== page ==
In Episode 167 of the CounterVortex podcast, Bill Weinberg examines Putin’s plans to place tactical nuclear weapons in Belarus. The Russian strongman’s dubious justification for the move is the UK’s decision to supply depleted uranium shells to Ukraine. Depleted uranium is indeed sinister stuff—but Russia itself has been already using DU weapons in Ukraine for over a year now! Russia’s reckless occupation of the Zaporizhzhia power plant also represents a far more serious escalation on the ladder of nuclear terror than the use of DU. Putin further claims he is merely countering the NATO tactical nuclear weapons stationed in Europe. But NATO’s warheads are stored in underground vaults, to be loaded onto plane-dropped gravity bombs if the Alliance makes a decision for their use. In contrast, Moscow has already placed nuclear-capable tactical missiles in Belarus—as well as in the Russian exclave of Kaliningrad, bordering NATO members Poland and Lithuania. If these were armed with warheads, it would represent a dramatic escalation in hair-trigger readiness. Additionally, Belarusian dictator Alexander Lukasheno has now broached actually having Russian strategic ICBMs placed in his country. The civil opposition in Belarus has been effectively crushed in a wave of mass repression over the past three years—but an underground resistance movement is now emerging. This struggle finds itself on the frontline of the very question of human survival. Listen on SoundCloud or via Patreon. (Map via PCL Map Collection)
Will an "October surprise" in the prelude to the mid-term elections in the US be the outbreak of world war—that is, direct superpower conflict? Things are escalating fast on the frontlines with both of the United States' major imperial rivals. The US Navy's Pacific Fleet is preparing to carry out a "global show of force" as a warning to China, after a near-skirmish between a US warship and a Chinese destroyer in the disputed South China Sea. Meanwhile, NATO is planning to conduct its largest military exercises since the end of the Cold War, Trident Juncture 2018, along Norway's border wth Russia. This comes as Washington and Moscow are odds over missile deployments, accusing each other of violating the 1987 Intermediate-range Nuclear Forces Treaty. (Image: Lockheed Martin)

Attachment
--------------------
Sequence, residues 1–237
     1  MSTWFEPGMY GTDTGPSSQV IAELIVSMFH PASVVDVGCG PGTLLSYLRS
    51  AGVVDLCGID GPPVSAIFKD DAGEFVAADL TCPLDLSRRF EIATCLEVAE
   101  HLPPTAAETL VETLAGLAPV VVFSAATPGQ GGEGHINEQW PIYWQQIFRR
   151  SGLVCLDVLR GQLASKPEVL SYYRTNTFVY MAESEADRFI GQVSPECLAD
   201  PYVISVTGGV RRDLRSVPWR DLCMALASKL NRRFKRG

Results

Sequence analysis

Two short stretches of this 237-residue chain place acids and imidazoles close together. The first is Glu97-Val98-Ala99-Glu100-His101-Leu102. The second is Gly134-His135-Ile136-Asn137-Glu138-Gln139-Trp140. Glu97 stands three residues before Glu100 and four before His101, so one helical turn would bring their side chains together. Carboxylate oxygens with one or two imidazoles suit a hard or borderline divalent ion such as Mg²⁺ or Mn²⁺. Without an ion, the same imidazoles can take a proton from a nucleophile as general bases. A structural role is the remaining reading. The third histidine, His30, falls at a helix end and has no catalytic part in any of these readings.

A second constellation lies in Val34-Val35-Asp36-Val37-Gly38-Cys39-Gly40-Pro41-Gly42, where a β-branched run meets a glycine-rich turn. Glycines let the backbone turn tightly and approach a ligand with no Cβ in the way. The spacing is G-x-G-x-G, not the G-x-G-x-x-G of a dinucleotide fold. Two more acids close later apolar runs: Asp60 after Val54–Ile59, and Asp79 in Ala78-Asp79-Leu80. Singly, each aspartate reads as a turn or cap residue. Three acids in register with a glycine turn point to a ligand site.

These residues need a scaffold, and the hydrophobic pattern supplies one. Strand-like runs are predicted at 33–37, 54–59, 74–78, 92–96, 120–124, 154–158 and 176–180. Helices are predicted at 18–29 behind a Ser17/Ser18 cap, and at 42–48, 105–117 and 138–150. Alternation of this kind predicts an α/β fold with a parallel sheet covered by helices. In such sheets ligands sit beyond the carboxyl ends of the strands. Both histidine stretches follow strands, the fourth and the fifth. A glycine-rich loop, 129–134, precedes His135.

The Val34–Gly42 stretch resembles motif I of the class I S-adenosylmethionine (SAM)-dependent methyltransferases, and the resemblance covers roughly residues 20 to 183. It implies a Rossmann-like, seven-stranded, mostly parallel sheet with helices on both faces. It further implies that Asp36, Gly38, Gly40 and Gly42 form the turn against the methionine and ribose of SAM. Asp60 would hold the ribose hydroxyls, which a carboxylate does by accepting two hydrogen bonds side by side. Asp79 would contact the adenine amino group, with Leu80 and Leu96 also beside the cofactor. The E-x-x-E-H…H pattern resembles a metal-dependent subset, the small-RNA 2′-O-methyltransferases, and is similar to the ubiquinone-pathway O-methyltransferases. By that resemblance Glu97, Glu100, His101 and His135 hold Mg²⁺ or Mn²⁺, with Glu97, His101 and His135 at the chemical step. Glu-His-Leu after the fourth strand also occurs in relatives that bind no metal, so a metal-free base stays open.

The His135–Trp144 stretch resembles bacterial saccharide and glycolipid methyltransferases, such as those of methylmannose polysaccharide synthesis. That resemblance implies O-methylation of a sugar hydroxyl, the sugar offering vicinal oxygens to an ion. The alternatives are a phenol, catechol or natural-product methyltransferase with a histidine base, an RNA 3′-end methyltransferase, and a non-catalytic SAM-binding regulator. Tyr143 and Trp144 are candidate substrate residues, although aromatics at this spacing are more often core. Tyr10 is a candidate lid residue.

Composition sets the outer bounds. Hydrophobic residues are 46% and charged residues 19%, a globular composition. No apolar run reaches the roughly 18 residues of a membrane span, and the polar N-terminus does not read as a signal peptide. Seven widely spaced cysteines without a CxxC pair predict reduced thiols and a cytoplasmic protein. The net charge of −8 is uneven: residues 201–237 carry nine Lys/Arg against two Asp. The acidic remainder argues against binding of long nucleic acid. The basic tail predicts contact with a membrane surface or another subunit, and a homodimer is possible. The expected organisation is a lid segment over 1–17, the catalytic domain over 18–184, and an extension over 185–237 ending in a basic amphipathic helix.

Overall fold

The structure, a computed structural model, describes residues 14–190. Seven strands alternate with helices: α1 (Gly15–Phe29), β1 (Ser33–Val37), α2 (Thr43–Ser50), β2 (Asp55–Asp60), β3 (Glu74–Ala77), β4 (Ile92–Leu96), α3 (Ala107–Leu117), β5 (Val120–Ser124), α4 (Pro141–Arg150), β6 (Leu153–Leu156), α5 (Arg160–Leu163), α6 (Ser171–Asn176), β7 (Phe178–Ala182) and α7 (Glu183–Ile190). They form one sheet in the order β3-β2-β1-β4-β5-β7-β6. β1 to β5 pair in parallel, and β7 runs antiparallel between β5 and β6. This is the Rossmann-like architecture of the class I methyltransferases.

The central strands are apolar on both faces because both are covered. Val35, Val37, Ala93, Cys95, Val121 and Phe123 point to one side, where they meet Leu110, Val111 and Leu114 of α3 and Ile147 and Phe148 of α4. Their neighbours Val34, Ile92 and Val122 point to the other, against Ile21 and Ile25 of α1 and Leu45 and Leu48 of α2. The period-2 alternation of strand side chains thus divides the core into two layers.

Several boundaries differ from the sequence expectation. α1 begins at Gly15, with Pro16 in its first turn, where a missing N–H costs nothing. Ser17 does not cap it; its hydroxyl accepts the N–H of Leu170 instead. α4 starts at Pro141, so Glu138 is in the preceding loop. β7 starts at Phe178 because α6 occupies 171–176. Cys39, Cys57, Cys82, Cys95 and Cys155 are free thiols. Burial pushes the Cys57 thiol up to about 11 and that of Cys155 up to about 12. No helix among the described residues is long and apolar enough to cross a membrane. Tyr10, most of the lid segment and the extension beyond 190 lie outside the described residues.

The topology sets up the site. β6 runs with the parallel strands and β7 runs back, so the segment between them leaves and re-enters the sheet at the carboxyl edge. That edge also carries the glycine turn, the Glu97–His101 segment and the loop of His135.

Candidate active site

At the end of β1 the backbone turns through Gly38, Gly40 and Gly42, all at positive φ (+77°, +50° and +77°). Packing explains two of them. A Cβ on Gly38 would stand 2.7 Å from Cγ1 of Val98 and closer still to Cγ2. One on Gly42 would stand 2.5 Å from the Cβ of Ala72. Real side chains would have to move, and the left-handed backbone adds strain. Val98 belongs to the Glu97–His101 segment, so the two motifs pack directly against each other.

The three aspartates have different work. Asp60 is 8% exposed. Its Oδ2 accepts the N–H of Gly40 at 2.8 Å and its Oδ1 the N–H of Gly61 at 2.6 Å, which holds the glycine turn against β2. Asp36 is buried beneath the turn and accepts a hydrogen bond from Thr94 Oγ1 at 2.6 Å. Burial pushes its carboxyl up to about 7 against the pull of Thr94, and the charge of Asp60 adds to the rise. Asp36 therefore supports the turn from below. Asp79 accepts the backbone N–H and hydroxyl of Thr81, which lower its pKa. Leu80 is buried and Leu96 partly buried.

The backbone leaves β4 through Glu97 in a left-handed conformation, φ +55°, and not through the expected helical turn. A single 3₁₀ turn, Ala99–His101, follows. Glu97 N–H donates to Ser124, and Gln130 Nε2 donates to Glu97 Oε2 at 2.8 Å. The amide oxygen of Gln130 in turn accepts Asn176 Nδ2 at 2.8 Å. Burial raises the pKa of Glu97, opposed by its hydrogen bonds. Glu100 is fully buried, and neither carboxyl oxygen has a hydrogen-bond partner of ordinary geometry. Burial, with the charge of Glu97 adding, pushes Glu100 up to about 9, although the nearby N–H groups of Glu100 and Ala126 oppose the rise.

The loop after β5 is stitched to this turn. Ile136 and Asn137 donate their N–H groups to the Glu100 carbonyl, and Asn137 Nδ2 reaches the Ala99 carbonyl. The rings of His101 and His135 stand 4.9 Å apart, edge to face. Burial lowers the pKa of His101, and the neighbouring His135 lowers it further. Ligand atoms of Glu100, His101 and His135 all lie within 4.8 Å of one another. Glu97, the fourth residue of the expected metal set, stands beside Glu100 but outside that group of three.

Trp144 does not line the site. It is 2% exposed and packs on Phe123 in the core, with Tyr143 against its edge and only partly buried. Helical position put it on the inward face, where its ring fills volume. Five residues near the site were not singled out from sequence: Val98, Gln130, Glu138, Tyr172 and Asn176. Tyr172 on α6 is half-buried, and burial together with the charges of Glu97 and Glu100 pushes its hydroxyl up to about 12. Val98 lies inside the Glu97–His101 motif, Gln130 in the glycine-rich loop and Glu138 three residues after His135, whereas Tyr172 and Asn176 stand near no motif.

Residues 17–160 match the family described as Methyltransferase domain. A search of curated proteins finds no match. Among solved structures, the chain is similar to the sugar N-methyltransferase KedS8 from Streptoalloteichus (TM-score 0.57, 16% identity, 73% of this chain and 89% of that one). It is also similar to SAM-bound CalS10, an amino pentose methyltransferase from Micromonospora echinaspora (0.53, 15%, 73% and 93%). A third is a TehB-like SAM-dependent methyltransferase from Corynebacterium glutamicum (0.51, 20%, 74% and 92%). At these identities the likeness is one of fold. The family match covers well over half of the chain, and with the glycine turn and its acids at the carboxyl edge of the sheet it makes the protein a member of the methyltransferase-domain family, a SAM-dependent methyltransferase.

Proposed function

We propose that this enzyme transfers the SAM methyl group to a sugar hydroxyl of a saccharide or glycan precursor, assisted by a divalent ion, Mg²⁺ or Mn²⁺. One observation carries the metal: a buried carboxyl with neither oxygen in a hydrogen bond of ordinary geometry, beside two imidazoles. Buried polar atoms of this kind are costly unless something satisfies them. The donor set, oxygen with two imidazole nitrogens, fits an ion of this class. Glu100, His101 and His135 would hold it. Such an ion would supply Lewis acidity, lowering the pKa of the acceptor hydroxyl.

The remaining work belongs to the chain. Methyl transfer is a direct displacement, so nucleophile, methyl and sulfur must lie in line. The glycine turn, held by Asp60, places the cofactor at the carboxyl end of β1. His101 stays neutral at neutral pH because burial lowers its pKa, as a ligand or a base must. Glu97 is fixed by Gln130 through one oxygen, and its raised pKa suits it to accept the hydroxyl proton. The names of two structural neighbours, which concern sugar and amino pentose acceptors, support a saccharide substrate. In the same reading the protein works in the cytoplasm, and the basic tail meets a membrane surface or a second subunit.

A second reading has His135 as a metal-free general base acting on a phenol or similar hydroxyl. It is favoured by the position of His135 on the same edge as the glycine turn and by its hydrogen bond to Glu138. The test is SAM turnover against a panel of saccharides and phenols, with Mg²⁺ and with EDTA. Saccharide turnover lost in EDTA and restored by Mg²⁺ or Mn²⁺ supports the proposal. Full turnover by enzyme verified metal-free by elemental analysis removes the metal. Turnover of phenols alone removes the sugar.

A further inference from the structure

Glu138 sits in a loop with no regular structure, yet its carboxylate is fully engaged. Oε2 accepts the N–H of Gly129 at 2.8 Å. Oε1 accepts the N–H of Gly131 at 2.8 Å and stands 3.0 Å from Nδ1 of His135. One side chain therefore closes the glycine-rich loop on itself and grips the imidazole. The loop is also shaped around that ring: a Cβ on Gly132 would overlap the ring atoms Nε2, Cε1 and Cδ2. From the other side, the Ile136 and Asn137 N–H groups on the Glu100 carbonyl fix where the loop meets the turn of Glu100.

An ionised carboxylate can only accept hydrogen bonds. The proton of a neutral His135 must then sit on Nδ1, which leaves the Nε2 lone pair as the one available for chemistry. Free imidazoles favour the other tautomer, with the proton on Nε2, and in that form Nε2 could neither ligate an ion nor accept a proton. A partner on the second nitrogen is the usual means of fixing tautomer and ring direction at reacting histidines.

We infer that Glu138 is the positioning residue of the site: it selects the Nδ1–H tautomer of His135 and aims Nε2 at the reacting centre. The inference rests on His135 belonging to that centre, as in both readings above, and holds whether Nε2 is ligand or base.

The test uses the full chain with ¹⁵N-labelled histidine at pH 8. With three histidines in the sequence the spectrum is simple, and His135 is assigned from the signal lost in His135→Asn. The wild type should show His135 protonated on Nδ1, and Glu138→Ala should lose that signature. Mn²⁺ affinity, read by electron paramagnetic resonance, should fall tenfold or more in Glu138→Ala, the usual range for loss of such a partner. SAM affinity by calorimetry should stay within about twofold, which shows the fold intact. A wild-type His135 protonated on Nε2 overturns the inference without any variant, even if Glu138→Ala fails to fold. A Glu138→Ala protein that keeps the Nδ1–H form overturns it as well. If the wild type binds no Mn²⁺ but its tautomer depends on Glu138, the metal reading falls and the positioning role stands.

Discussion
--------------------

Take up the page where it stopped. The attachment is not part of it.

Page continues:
As Trump and and Kim Jong-un exchange nuclear threats, anti-missile protesters in rural South Korea scored a win, prompting Seoul to delay plans to expand the Terminal High Altitude Area Defense (THAAD) battery that the Pentagon installed in April. The announcement came as villagers and activists were blocking the road to the THAAD base.
Two sisters abused by their family in Saudi Arabia were deported by Turkey—despite their asylum bid and fears they will be tortured or even executed by Saudi authorities.
Protesters blocked roads and clashed with police in South Korea’s rural Seongju county as US forces began installing the Terminal High-Altitude Area Defense anti-missile system.
As the US moves to deploy the THAAD anti-missile system in South Korea, local farmers have launched a protest campaign and lawsuit to halt the installation.
The Flynn resignation has been followed by a fast and dramatic escalation of US-Russia tensions, with Pentagon troops deployed to Romania and a near-skirmish in the Black Sea.
The breakdown of US-Russia cooperation over Syria comes as Moscow moves missiles to the Polish border and withdraws from an agreement on plutonium disposal.
The US anti-missile station in Romania was officially activated, to harsh protests from Moscow—as NATO prepares to deploy German troops in the Baltic republics.
Revelation of Washington's plan to station missile-capable nuclear warheads in Germany was met with a Russian threat to deploy ballistic missiles in the Baltic enclave of Kaliningrad.
As the Pentagon adds 14 interceptors to its anti-missile system in Alaska, some observers see a design on Arctic resources also sought by competitors Russia and China.